Origin of Buddha Museum
The Buddha Museum was built to enshrine the Buddha's tooth relic, symbolizing the everlasting presence of the Buddhadharma.
The Buddha Museum was constructed with the intention of enshrining the Buddha’s relic. The construction lasted for ten years, and the museum was officially opened on the 25th December 2011.
The Sanskrit word “sarira” refers to the relics of a sage, which usually appear in crystalized form. The relic is perceived as a sign of the sage’s spiritual cultivation over a lifetime.
According to the Biography of Sakyamuni Buddha, when the Buddha reached the age of 80, he announced the day that he will enter parinirvana . Fearing that the disciples will lose the guidance of their teacher, Ananda asked the Buddha what they should do after he entered parinirvana. After pondering over the matter, Buddha gave his final teaching, “After I enter parinirvana, and have been cremated, gather up my relic and build a stupa at the crossroads, so that those who see it can develop faith.”
Originally, this particular Buddha’s tooth relic was carefully hidden in India for more than one thousand years. In the 13th century, during the Muslim invasion to India, the relic was secretly taken from the great Buddhist college of Nalanda in India and brought to Tibet. It was enshrined in the Sakya Namgyal Monastery, which was destroyed in 1968 during the Cultural Revolution. A Tibetan lama, Kunga Dorje Rinpoche obtained the relic and then took it back to India, where he kept and protected the relic in secret for thirty years. With his advancing age, Kunga Dorje Rinpoche acknowledged the fact that he will not be able to build a temple to enshrine the relic in his lifetime. When Venerable Master Hsing Yun went to India to officiate the Triple Platform Full Ordination Ceremony in February 1998, Kunga Dorje Rinpoche entrusted Master Hsing Yun the Buddha’s tooth relic, together with a certificate authenticated by twelve other Rinpoches to authenticate the relic. Two months later, the relic was brought to Taiwan.
According to Master Hsing Yun, the Buddha Museum serves to acquaint the public with the Buddha’s quantities, through which the Buddhist practice can be inspired. The Buddha Museum was thus built not only to venerate the Buddha, but more importantly with the interests of sentient beings kept in mind.”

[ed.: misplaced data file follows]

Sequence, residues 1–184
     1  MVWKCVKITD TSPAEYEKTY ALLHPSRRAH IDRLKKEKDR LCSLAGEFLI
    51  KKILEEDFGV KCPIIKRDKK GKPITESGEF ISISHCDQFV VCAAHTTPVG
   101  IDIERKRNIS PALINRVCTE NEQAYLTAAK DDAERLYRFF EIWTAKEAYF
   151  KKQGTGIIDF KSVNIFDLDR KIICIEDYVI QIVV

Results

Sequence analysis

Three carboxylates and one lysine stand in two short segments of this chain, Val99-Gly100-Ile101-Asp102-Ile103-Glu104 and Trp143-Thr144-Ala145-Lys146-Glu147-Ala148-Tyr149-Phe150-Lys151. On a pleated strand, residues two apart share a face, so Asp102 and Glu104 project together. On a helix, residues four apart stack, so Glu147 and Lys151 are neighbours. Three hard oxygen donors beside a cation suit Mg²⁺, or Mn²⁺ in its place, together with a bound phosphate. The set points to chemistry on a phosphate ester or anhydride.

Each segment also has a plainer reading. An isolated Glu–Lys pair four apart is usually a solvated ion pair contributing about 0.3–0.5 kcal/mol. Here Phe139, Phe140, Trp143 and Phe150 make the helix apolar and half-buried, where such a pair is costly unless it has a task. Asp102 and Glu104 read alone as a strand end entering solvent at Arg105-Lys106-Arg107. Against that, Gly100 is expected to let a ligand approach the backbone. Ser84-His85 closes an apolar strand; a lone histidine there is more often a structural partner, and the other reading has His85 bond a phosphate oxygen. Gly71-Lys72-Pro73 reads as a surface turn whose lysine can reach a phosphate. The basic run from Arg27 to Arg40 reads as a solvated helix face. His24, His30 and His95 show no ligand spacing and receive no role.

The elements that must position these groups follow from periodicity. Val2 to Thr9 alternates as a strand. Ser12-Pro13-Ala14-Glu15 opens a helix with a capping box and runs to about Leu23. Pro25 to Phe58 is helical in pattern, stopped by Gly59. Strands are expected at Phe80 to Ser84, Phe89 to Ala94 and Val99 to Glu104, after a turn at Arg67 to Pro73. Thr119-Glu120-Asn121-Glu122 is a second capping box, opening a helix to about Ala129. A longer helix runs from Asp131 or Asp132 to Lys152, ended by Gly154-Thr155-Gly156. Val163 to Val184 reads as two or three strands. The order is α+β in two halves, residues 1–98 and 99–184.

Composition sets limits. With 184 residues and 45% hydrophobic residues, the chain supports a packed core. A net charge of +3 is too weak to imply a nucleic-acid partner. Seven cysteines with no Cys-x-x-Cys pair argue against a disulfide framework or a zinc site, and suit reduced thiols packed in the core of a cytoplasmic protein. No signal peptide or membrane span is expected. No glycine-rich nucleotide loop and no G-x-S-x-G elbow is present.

Spirit and Philosophy of Buddha Museum
A. Origin of Buddha Museum
- 1998 - Ven. Master Hsing Yun traveled to India to revive the Bhiksuni ordination, and received the Buddha’s tooth relic from Kunga Dorje Rinpoche
- 2003 - Held the Foundation Settlement Ceremony for the construction of Buddha Museum
- 2011 - Official Opening of Buddha Museum
B. Philosophy Behind the Construction of Buddha Museum
Venerable Master Hsing Yun says, “The Buddha Museum is a historic construction that resides in the minds of all beings. The Museum belongs to everyone and anybody can come to the Museum. It is also a place of culture and education. Visitors ranging from individuals to families, schools, and organizations, are free to gather and learn here.”
C. Development Goals of Buddha Museum
To present the Buddha Museum through the arts and movies, on the humanistic and international dimensions.
D. Missions of Buddha Museum
- 48 underground palaces - as reserves of human wisdom and history.
- Life education - through the promotion of cultural arts and environmental protection.
- Cross-straits cultural exchange - for the revival of Chinese culture.
- Buddhist arts - preserving and re-creating through exhibitions and academic conferences.
- Serving the public - with respect and tolerance, through sharing resources, and with warm hospitality.
E. Core Values of Buddha Museum
- Three Acts of Goodness: Doing Good Deeds, Speaking Good Words, Having Good Intentions
- Four Givings: Giving Others Confidence, Giving Others Joy, Giving Others Hope, Giving Others Convenience
Key Events of Buddha Museum
The relic returned to Taiwan after Kunga Dorje Rinpoche bequeathed it to Venerable Master Hsing Yun in person. President Lian Zhan appealed all citizens to participate in doing the Three Acts of Goodness: Do good deeds, Speak good words, Have good intentions. The tooth relic was brought back to Fo Guang Shan.